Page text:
Originally posted on FOX Sports  |  Last updated 8/5/12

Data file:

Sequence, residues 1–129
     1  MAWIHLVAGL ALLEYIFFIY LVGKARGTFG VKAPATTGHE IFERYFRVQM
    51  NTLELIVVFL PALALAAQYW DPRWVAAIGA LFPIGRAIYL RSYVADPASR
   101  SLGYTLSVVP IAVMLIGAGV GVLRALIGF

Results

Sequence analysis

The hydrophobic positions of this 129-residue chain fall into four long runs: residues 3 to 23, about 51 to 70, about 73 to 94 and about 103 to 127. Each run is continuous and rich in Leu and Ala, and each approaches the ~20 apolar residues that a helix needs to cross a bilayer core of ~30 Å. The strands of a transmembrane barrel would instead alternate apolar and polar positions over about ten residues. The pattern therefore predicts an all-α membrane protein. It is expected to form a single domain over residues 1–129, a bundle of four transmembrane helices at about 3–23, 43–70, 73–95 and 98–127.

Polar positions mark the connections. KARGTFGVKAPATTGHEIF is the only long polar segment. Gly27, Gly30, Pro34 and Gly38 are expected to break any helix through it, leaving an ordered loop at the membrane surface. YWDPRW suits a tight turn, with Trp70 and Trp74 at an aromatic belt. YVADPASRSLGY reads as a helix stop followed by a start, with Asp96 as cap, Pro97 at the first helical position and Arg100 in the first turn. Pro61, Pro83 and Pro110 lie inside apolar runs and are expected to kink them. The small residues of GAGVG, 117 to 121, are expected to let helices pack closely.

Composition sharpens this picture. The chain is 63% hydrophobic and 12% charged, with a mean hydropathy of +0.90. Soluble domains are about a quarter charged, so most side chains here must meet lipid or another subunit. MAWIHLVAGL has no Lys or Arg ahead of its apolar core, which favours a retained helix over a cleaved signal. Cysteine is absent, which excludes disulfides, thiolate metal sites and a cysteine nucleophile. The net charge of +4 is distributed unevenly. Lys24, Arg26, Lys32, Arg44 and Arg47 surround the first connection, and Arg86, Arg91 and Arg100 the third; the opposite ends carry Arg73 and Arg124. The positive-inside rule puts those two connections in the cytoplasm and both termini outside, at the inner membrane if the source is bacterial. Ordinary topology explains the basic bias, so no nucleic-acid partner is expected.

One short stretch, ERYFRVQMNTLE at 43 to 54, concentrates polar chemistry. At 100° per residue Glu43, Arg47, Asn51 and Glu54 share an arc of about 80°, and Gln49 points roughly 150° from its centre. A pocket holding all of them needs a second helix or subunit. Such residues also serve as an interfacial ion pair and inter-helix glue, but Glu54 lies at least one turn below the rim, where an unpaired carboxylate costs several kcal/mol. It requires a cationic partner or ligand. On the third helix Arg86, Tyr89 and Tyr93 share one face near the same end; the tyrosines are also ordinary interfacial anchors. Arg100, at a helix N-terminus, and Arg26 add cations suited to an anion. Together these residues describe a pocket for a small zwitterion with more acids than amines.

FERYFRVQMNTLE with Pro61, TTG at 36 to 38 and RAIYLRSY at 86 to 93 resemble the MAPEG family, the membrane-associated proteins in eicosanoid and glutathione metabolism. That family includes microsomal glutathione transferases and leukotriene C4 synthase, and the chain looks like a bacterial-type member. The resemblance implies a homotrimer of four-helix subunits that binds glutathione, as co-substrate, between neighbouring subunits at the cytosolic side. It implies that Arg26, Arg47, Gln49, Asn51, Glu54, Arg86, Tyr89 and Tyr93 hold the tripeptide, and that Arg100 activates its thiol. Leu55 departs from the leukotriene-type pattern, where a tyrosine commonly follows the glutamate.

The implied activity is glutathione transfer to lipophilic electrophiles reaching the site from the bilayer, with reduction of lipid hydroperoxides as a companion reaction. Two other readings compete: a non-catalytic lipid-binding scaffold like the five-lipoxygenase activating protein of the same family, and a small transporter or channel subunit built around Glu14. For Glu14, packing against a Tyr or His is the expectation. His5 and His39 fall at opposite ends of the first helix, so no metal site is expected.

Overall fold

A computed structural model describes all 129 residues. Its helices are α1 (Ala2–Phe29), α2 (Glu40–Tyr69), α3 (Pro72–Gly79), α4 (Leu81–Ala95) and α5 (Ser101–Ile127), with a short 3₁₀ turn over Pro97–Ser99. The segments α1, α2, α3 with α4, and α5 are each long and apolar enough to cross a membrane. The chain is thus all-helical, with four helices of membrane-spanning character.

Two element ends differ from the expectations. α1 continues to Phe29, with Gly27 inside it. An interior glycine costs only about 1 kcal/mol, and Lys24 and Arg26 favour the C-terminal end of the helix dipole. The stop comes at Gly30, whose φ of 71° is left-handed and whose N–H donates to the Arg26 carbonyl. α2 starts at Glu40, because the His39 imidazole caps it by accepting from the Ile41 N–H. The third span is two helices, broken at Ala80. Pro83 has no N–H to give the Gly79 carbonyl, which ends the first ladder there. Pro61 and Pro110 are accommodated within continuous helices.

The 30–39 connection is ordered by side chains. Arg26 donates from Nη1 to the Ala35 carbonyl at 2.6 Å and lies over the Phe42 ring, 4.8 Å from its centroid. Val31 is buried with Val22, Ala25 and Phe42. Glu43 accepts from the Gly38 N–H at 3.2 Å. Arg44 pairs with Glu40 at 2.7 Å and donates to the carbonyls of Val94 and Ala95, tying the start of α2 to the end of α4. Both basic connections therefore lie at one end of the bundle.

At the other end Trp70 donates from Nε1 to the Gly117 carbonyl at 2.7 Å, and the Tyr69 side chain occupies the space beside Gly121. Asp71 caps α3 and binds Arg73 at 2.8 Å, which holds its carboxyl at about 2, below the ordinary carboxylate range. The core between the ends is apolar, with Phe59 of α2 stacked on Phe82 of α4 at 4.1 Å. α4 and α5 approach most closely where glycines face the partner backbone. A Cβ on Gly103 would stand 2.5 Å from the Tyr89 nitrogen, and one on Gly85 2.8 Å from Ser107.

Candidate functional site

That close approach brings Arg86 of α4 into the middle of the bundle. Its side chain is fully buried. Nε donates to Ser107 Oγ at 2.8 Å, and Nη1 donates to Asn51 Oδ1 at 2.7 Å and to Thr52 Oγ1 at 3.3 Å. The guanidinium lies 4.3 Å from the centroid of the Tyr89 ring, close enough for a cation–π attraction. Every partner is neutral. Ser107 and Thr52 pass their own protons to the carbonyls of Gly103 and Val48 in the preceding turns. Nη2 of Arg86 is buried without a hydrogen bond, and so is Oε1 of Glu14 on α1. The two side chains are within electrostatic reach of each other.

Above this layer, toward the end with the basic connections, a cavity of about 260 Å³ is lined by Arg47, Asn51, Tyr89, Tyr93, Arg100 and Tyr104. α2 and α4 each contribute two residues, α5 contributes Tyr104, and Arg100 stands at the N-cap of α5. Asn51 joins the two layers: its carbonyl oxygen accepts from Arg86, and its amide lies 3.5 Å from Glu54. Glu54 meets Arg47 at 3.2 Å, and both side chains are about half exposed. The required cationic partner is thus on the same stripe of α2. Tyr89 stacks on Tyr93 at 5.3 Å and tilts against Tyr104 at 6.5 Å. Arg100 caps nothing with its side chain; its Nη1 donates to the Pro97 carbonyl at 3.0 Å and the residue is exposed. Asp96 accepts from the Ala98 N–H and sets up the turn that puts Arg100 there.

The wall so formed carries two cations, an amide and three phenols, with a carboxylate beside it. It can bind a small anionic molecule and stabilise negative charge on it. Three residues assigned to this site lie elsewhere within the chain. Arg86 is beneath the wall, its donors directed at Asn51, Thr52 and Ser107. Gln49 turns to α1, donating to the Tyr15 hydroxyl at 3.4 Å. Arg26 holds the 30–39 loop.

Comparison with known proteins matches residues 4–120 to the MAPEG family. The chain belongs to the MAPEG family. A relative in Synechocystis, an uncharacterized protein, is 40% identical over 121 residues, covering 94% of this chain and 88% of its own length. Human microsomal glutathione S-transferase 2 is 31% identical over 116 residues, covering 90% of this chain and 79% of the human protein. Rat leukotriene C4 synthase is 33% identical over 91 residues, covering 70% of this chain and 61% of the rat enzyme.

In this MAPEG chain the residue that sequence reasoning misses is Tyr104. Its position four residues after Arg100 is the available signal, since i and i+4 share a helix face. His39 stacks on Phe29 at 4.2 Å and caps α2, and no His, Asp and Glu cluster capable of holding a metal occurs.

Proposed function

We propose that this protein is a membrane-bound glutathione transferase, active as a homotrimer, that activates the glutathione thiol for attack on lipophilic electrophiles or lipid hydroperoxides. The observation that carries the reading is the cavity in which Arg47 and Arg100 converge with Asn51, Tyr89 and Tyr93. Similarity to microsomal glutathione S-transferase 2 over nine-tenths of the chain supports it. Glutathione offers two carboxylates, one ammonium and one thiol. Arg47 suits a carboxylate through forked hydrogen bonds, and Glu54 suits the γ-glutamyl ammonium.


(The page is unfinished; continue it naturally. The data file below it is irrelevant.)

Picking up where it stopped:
Your legs are wobbly, your chest is hurting, and you can't breathe, which is probably a good thing because it keeps you from screaming and squealing like a teenage girl at a Beatles concert. That's what it's like watching Usain Bolt. You can't allow yourself to blink, either, because in the time that your eyelids go all the way down and then bounce back up, Bolt has moved too far, and you've missed it. He did it again Sunday, winning the gold medal in the 100 meters, this time in an Olympic record 9.63 seconds. Bolt and Carl Lewis are the only men to win back-to-back Olympic 100s. And Bolt says he looks forward to the Rio Games in 2016. "I've showed that without a doubt, I'm the best,'' Bolt said. "This is where I want to become a legend, and that's just one step in the door.'' Too late for that. Bolt is already a worldwide legend. He is, and already was, the rock star of these games. No offense to Michael Phelps, but even his swimming records were a warm-up act for Bolt. We've spent the past week gushing over Phelps, and he has deserved every bit of it. He backed it up in London. But the talk goes too far when people ask if he's the greatest Olympian of all time. Bolt is bigger; Bolt is better. Bolt is a freak on land and Phelps a freak in water. But nothing tops the Olympic 100 meters. Nothing. Remember all those empty seats earlier in the Olympics? The Olympic Stadium was packed Sunday, 80,000 full, including Kobe Bryant, Kevin Durant and at least half the US basketball team. Two million people applied for tickets to see Bolt run the 100 but were turned away. For Phelps, organizers were having a hard time filling a 10,000-seat swim stadium and used soldiers as seat-fillers. Phelps is an American argument, I know. Only in America is that even a discussion. Bolt is a worldwide phenomenon. In Super Friends terms from the 1970s, Phelps is Aquaman and Bolt is Superman. Aquaman is cool and everything, but he's no Superman. The 100 meters is a worldwide moment, the defining moment of the Olympics. In this case, it just so happened to be the greatest race ever run. Bolt's Jamaican countryman and training partner, Yohan Blake, won silver in 9.75 seconds. American Justin Gatlin, back from a four-year doping ban, won bronze in 9.79. Consider this: American Tyson Gay ran the fifth best time in Olympic history, 9.80 and finished fourth in the race. He was crying, inconsolable, afterward. This was the Woodstock moment of Olympic track and field, the Beatles appearing on the Ed Sullivan Show, Michael Jackson moonwalking on TV for the first time. You have to imagine a stadium packed with flashing bulbs and screams. In pre-race introductions, everyone tries to put on a show. Bolt made all sort of hand gestures, possibly including shadow-boxing. Gatlin walked seriously toward the camera. Some people call it poor sportsmanship, but they're wrong. It is part of the show. No one is showing up anyone. It's just a cockiness that each and every runner appreciates. Bolt has had technical troubles with his start over the past few months, losing to Blake in the Jamaican Olympic Trials and false-starting at the world championships. His coach told him to stop worrying about the start and just concentrate on winning the race in the final 50 meters. So Bolt said he sat back in the blocks for a split second while the runners took off, making sure he wouldn't false-start. Then, "I slipped in the blocks,'' he said. "I don't have the best reactions.'' By the time he got to the final 30 meters, Bolt knew it was over, and his mind started to wander. He thought about the world record and looked up at the clock to see if he could still break it. No. Too late. Then, he started thinking about the mugging he did as he crossed the finish line to win gold at the Beijing Olympics, putting an arm out and turning sideways. But he decided against doing that again. It's amazing how much can go through a guy's mind in 9.63 seconds. Most everyone else in the place was calmly pondering; "AAAAAAHHH!!'' The world's fastest man is 1,000 times sexier than the world's best swimmer. That's not Phelps' fault. He's like your superstar playing country or jazz. Bolt is a little rock and a whole lot of soul. Phelps was an American success, developed the American way, through camps and things. Bolt is just some sort of phenomenon. He still eats McDonald's Chicken McNuggets and says he has had some this past week, "I'm not going to lie.'' And in his biography, he talks about his lack of hard work. He says he can't bring himself to dedicate himself to a disciplined lifestyle: "If I train right, eat right, go to the gym all the time and dedicate myself 100 percent, then I definitely will do crazy times. It's hard. "I don't know how some sportsmen do it. I do what I like, stay up until whatever time I feel like, socialize when I like and eat what I like. I don't follow any of the rules.'' That could play into how he does in Rio. He is 25, and the body doesn't take those chicken nuggets well forever. At some point, age catches up with everyone. On the other hand, Phelps was considered a training machine before Beijing and needed to take a little time away after that. Bolt is not going to burn out. So is Bolt the greatest Olympian ever? Not yet. For now, if he wins the 200 meters later this week - if? Hah! - then he will be the only person to win the 100 and 200 in consecutive Olympics. Lewis, though, won consecutive 100s, a silver and then a gold in 200s and also won four long jump golds. Bolt is going to need to win another 100 in 2016 to end all discussion on greatest ever. But while Lewis was must-stop-and-watch TV, he wasn't considered as likeable as Bolt. That kept him from being the star Bolt is now. In the TV-driven era of sports, it's all about entertainment. Bolt takes his job seriously for 9.63 seconds, or so, every four years. To watch them though, they are the greatest 9.63 seconds you ever can't breathe through.